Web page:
Why I Buy Ford Stock Instead of Ford Mustang

When I was 17, my first car was a ’77 Mustang hatchback. Not a dream car like a ’69 fastback, mind you, but I turned it into a sweet ride. I’ve been a Mustang fan ever since. But times are changing, and sports cars are now getting electric makeovers, as evidenced by the Mustang Mach-E that will please some fans while resisting others.

But regardless of whether sports car enthusiasts agree with the changes, investors can benefit from the shares of the companies that made the changes. Several automakers have turned to electrified overdrive, and wade through ( F -3.63% ) lead the way, a less bumpy road for investors than new Mustang owners.

I would buy Ford stock before buying the newest Mustang.

Image source: Ford.

More electric vehicles

Ford’s plan to electrify 40% to 50% of all vehicles it uses on the road by 2030 is working well. The company sold 27,000 Mustang Mach-E electric SUVs last year and said it plans to build 2 million electric vehicles (EVs) per year by 2026.

Led by Jim Farley, who took over as CEO in 2020, the company is aggressively increasing production of its electric version of the Mustang and its lineup of best-selling F-150 trucks. The company said in December that it had stopped taking orders for the electric F-150 Lightning after recording nearly 200,000 orders, which were not actual orders. Dan closed orders for the 2022 electric Mach-E recently, saying that “due to high demand, the current model year is no longer available for retail order.”

Working with partner SK Innovation, Ford is spending its money to support a new EV lineup, starting with a state-of-the-art car production complex in Tennessee, along with two battery factories in Kentucky. Total investment for the new facility is estimated at $11.4 billion when all is said and done by 2025.

Why not a Mach-E Mustang for me?

The Mustang Mach-E is making a splash with buyers and I love the electric direction Ford is taking, but this car isn’t on my must-buy list.

Japanese car manufacturers dominate the auto dependency landscape and from my own experience, I can say that my fourth Toyota SUV and three Honda cars — except for one Civic — have outperformed my Ford Mustang and Chevy SUV.

I wasn’t a fan of buying vehicles in the first model year either, so I had to get out of line to buy the Mustang Mach-E. This electric Mustang is brand new. I’ll wait for bugs to be fixed and feature improvements made before I get interested.

On the other hand, stock…

I like what Ford is planning from an investor point of view. After vowing to make Ford the competitive engine that produces electric versions of the Mustang and best-selling F-150 trucks, Farley hired Alan Clarke, the former chief engineer of Tesla responsible for its best-selling Model S. This allows Ford to take advantage of hands-on experience.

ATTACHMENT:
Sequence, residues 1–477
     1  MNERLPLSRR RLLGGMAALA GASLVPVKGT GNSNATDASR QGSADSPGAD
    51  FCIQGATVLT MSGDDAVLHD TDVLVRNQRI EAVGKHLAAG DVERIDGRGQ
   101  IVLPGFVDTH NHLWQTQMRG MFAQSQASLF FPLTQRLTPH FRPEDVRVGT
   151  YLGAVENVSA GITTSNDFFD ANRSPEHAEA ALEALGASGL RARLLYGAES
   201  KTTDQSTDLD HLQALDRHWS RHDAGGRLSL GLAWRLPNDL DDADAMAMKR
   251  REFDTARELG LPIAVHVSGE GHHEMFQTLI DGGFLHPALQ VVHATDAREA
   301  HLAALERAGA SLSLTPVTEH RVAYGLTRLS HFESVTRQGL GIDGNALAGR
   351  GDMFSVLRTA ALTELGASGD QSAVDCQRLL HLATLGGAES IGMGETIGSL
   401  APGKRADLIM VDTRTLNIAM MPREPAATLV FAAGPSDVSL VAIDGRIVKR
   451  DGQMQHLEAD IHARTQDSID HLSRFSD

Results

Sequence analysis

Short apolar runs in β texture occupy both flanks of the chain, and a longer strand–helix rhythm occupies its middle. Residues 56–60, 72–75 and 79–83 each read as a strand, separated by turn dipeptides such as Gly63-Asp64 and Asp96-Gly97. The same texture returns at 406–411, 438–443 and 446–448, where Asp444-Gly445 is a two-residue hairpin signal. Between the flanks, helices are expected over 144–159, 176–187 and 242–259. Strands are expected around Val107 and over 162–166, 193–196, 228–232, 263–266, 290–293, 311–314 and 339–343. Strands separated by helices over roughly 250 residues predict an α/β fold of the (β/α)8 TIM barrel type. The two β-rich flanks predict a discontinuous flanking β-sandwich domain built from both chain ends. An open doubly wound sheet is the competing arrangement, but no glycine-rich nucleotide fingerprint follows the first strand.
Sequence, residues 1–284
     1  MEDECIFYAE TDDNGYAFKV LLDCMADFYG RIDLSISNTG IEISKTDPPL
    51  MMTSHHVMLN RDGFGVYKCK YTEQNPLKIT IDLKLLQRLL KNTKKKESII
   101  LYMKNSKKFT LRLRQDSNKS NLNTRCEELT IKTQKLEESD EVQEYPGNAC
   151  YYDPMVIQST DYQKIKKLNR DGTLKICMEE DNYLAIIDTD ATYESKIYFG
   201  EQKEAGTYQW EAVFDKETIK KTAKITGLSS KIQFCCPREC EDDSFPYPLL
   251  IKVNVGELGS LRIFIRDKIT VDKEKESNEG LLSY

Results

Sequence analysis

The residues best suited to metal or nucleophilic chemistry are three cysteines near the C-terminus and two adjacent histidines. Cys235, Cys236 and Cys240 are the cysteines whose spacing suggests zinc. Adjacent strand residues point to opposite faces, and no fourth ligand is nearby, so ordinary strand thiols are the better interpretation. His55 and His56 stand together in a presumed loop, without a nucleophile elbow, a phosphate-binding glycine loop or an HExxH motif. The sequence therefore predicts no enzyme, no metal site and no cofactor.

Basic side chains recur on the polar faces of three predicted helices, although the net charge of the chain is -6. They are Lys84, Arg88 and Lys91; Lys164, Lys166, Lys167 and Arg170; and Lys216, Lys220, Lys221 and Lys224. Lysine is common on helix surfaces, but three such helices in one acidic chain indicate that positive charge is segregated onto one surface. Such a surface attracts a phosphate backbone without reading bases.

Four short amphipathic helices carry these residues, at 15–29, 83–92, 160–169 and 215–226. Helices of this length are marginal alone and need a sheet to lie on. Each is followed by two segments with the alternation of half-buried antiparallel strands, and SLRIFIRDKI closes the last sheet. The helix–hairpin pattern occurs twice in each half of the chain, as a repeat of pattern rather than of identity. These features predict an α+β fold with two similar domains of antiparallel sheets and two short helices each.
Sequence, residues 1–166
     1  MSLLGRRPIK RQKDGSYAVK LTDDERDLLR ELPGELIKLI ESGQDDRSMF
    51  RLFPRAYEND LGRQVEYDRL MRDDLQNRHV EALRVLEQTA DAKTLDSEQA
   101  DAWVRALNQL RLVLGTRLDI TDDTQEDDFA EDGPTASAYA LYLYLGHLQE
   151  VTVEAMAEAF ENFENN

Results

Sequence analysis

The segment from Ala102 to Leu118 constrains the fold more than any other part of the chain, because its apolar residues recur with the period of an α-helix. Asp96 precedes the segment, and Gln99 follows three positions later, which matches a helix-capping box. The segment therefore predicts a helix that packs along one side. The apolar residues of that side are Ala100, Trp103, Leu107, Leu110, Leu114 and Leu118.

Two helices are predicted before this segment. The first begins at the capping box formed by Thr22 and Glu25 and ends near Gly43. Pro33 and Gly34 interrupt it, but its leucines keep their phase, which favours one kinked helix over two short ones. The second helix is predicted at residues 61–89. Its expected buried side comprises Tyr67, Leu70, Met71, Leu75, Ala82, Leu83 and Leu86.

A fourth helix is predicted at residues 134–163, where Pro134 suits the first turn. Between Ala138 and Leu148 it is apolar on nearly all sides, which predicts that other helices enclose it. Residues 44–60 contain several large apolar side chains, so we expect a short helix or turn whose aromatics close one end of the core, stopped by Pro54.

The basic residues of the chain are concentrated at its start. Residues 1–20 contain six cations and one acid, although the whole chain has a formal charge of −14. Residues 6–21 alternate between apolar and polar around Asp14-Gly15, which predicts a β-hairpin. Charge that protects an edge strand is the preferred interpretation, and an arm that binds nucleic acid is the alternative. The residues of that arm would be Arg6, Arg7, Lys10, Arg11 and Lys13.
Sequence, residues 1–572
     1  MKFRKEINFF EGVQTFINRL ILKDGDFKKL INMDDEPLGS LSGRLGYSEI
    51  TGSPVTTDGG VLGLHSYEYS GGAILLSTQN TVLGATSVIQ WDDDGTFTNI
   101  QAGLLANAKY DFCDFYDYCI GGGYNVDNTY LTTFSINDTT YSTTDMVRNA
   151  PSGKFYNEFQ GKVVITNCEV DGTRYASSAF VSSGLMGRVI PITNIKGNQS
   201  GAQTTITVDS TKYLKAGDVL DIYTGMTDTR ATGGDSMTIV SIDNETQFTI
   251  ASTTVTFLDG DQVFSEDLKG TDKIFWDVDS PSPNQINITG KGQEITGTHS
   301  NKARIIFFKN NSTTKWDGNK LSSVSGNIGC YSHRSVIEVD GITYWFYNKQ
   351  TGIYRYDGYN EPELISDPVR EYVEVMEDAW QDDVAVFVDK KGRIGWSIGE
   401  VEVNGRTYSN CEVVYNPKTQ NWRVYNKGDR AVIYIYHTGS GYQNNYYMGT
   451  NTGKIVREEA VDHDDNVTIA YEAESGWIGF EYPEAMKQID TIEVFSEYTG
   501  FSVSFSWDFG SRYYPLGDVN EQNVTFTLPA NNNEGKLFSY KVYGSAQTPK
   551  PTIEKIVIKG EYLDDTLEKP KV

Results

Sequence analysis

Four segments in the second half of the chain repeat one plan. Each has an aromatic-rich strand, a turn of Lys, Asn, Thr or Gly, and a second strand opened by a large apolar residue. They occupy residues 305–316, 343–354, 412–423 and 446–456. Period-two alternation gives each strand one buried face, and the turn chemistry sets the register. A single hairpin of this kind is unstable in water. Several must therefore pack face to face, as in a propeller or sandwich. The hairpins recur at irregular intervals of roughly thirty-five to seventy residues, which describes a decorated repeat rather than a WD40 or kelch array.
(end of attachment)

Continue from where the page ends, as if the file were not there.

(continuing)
And Ford has seen revenue growth and hype associated with its aggressive EV plans. Since Farley took over in October 2020, the stock has gained about 140% and hit $25 in the last five months, from just under $5 in April 2020.

The recent broader market downturn driven in part by inflationary pressures, supply issues, and recession fears has seen the stock drop to prices just below $17 as of this writing, making for a long-term buy-on-the-dip opportunity. investors. Ford is scheduled to report quarterly earnings on April 27. Investors will want to check how things were when the information was released.

A long term game

Earlier this year, the company forecast growth to continue in 2022, with wholesale volumes increasing 10% to 15%, surpassing the previous guidance of 10%. Analysts expect a revenue surge of 8% by 2022. The company has also set a target to increase operating margins to 10% by 2026 and up to 14% by the end of the decade, potentially doubling from 7.3% in 2021.

The company is targeting an EV sales capacity of over 600,000 vehicles by the end of 2023, following 2021 which sees the company take the No. 2 in the US. And even though January got off to a slow start, Ford’s EV sales grew four times faster than the rest of the segment.

A strong pricing environment also helps the company. As a potential Mustang buyer, this isn’t something I want to hear, but as an investor, it’s music to my ears.

We are in the early stages of the EV boom. Some Mustang buyers may look back and wish they had waited but as Ford ramps up production — driven by a CEO with his pedal to the metal — long-term investors may look back on this moment as a time when Ford buy-on- it’s this declining opportunity that helps push their portfolio.

This article represents the opinion of the author, who may disagree with the “official” recommendation position of the premium consulting service Motley Fool. We are diverse! Questioning investment theses – even our own – helps us all think critically about investing and make decisions that help us become smarter, happier, and richer.

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